Why are CAFOs widely used, and what are the major environmental problems associated with them?
Concentrated animal feeding operations (CAFOs) are widely used because they lower costs but they produce a lot of animal waste that isn't treated.
Concentrated animal feeding operations (CAFOs) are widely used because they lower costs. More animals can be raised in less space, and thus the output is maximized while costs are lowered.
In terms of environmental problems, CAFOs produce a lot of animal waste that needs to be handled properly. Whereas human waste is treated, animal waste or manure is not.
The manure produced by these animals includes whatever chemicals have been added to their feed, and these additions can result in nutrient concentrations that would not normally be found in the animals' manure or chemicals that wouldn't be present at all.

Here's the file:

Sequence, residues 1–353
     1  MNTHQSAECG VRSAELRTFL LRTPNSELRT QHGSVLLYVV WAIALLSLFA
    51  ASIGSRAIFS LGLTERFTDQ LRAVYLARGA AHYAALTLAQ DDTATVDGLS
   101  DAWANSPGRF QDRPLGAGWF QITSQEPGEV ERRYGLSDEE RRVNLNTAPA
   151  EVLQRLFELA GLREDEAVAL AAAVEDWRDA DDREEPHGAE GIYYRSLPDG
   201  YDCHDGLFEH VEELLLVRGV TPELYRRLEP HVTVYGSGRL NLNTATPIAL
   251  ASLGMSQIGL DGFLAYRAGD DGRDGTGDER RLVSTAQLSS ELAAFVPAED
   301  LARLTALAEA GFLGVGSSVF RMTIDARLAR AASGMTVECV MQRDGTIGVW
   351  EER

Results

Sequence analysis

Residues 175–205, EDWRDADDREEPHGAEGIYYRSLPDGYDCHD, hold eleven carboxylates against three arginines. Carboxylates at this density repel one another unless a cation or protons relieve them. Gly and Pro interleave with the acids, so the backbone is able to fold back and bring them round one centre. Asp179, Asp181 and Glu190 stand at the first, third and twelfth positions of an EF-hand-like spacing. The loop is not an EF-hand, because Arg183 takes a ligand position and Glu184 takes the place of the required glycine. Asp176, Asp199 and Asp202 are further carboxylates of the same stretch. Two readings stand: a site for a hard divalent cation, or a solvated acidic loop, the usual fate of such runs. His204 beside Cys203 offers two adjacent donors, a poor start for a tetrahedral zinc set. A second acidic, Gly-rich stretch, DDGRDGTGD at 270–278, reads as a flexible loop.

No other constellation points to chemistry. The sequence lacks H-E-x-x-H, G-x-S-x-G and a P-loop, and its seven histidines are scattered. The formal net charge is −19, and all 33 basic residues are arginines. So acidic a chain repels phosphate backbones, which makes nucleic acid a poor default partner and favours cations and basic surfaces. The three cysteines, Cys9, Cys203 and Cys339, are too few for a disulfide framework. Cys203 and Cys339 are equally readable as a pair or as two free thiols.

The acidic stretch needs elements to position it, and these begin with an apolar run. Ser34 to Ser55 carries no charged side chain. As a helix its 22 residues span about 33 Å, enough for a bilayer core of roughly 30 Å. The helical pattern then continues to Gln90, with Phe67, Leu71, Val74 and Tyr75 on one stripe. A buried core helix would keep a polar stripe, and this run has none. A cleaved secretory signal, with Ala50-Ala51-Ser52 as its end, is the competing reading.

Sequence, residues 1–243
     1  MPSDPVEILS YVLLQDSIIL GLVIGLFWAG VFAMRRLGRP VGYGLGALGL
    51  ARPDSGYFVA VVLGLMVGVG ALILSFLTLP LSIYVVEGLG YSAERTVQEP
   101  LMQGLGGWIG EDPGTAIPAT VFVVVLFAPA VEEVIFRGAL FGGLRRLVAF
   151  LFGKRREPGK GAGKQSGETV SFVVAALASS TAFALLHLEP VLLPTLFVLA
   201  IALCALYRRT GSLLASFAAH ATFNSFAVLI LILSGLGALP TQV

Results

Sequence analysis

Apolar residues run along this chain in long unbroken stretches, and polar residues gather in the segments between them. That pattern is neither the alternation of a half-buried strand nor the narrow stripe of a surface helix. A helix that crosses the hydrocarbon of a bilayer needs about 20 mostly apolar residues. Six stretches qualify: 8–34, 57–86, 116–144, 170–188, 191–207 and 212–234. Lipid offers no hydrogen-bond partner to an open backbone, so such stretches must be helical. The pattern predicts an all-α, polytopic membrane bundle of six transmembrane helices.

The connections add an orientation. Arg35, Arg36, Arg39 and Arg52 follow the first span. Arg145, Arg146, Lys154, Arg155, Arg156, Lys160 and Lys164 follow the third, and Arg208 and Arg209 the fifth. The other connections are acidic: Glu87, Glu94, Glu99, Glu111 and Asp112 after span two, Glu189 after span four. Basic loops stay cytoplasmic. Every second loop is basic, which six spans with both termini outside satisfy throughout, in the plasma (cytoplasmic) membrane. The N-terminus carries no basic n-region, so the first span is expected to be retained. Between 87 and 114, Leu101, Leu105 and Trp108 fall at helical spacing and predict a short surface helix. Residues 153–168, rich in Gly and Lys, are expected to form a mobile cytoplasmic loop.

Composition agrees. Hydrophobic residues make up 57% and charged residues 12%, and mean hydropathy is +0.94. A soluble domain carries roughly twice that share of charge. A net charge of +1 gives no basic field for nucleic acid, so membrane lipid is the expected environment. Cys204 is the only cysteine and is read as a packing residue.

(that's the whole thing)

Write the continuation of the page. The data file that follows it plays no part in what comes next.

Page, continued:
For example, because they are in such confined spaces, animals in CAFOs are at risk for diseases and may be given antibiotics in their food. Thus, if the manure is applied as fertilizer, this can pose a problem.
Waste can leach (dissolve into) into the soil and eventually contaminate the groundwater. Nearby lakes and streams can also be affected.
The image below shows waste ponds. If not carefully monitored, these ponds have the potential to contaminate the surrounding ecosystem through leaching and during particularly heavy precipitation events.